3 Types of Resistance to Change in organizations

There are three (3) types of resistance to change in organizations. These types are:

Types of resistance to change in organizations

  1. Logical and rational,
  2. Psychological and emotional, and
  3. Sociological resistance.

All these types of resistance to change are discussed below in detail:

Logical and Rational Resistance

These resistances are the outcomes of disagreement with rational facts, rational reasoning, logic, and science. These arise from the actual time and effort required to adjust to change including new job duties that must be learned.

These are too costly which might be borne by the common employees and managers. Even though the change may be beneficial for the employees in the long run. But the short-run costs for change must be paid first. Logical resistance to change include the following:

  1. The time required to adjust
  2. Extra efforts to relearn
  3. The possibility of a less desirable condition
  4. Economic costs of change
  5. Questionable technical feasibility of change

Psychological Resistance

These types of resistances are typically based on emotion and attitude. It is internally logical from the perspective of the employee’s attitude and feelings about change. Employees may fear the unknown, mistrust management, or feel that their security and ego needs are threatened.

Even though management may believe that there is no justification for these feelings they are very rational to employees, and as such managers must deal with them. Psychological or emotional resistance may take place in the following manner:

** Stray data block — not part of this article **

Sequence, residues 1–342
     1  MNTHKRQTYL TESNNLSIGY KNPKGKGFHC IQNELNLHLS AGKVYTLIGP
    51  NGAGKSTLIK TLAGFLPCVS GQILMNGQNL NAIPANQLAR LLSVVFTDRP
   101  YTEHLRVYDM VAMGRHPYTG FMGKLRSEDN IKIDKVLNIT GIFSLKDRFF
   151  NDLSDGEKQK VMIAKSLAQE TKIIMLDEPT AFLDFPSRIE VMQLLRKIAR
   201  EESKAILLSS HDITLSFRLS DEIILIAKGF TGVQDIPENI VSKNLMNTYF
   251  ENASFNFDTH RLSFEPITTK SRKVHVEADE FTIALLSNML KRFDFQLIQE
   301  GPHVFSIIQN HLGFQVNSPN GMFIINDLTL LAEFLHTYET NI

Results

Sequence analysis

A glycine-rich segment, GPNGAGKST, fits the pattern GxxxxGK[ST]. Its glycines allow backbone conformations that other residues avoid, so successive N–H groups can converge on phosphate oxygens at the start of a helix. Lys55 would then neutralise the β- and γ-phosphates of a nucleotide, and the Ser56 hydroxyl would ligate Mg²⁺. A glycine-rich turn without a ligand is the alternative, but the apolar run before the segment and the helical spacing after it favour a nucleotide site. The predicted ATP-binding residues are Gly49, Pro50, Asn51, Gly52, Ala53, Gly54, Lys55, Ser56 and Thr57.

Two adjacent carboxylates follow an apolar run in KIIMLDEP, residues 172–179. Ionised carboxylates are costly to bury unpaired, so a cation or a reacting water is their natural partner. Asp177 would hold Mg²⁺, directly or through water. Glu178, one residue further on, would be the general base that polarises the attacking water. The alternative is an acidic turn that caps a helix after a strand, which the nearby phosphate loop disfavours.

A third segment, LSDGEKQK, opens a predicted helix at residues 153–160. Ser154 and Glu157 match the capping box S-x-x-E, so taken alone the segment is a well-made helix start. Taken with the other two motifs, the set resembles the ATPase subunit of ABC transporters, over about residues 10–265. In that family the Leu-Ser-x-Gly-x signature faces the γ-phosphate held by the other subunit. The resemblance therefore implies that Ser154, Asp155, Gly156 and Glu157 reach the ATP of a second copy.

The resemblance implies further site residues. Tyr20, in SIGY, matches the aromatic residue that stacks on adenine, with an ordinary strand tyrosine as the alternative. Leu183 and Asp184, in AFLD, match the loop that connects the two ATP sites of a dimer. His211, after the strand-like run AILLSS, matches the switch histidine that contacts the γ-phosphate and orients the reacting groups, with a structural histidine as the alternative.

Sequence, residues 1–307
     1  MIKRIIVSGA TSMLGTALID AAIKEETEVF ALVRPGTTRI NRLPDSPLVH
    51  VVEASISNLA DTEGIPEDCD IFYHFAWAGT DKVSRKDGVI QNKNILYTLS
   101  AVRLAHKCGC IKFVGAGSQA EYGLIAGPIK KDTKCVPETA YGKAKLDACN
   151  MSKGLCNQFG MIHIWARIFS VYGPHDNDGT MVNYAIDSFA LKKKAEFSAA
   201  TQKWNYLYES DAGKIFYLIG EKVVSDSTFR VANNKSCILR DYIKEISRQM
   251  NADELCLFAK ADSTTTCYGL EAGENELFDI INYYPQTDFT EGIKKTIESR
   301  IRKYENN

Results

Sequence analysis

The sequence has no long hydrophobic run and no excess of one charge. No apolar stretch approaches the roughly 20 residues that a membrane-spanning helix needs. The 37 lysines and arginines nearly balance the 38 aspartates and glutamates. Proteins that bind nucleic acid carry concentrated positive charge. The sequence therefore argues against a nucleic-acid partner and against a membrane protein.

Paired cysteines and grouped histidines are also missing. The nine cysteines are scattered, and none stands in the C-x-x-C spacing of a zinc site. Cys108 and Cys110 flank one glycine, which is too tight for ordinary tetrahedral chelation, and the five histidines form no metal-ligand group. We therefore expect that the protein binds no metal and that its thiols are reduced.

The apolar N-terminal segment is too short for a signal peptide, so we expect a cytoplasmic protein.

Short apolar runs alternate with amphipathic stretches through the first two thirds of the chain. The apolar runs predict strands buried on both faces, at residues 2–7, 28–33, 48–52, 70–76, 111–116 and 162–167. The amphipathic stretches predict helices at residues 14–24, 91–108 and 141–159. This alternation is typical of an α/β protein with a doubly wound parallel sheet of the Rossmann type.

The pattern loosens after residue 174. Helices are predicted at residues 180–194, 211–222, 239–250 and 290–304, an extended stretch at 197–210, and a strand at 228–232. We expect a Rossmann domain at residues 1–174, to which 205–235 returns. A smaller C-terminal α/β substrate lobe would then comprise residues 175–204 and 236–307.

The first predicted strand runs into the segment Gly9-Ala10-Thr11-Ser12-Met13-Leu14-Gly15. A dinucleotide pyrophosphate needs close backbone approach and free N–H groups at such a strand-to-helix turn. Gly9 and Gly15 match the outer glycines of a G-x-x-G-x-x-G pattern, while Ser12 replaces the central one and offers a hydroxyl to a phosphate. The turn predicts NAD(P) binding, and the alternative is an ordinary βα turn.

1. Fear of unknown
  2. Low tolerance for change
  3. Dislike of management/change agent
  4. Lack of trust in other
  5. Need for security
  6. The desire for the status quo

Sociological Resistance

Sociological resistance may sometimes be logical. This happens when it is seen as a product of challenge to group interests, norms, and values. Since social values are a powerful force in the environment, they must be carefully considered.

On a small group level, there is work friendship and relationships that may disrupt buy change. Then resistance occurs. However, sociological resistance includes the following:

  1. Political coalitions
  2. Opposing group values
  3. Parochial/narrow outlook
  4. Vested interest
  5. The desire to retain existing friendships

    Types of Resistance to Change

Whatever may be the types of resistance, managers should be very careful and tolerant. Tolerance sometimes helps the employees to realize the need for change and employees accept that.

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